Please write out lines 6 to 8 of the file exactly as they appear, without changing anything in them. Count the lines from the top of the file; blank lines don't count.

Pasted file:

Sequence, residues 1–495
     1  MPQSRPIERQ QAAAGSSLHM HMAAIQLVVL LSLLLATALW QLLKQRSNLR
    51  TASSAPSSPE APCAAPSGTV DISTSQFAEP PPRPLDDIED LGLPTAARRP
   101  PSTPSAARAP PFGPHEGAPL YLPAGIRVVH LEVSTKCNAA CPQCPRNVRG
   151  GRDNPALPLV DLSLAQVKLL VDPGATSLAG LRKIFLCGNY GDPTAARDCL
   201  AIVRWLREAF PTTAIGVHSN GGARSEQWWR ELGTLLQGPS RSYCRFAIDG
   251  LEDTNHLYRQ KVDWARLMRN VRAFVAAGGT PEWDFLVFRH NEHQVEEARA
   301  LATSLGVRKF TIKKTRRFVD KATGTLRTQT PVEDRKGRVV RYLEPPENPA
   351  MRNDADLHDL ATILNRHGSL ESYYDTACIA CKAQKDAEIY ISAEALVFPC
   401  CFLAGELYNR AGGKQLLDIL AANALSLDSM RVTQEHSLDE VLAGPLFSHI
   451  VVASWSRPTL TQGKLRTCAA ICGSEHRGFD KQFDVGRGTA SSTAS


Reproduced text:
   201  AIVRWLREAF PTTAIGVHSN GGARSEQWWR ELGTLLQGPS RSYCRFAIDG
   251  LEDTNHLYRQ KVDWARLMRN VRAFVAAGGT PEWDFLVFRH NEHQVEEARA
   301  LATSLGVRKF TIKKTRRFVD KATGTLRTQT PVEDRKGRVV RYLEPPENPA